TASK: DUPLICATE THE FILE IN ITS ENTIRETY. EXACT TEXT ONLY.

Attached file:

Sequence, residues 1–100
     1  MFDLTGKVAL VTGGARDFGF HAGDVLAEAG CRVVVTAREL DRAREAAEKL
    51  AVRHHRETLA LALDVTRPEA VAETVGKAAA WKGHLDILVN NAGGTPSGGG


Sequence, residues 1–100
     1  MFDLTGKVAL VTGGARDFGF HAGDVLAEAG CRVVVTAREL DRAREAAEKL
    51  AVRHHRETLA LALDVTRPEA VAETVGKAAA WKGHLDILVN NAGGTPSGGG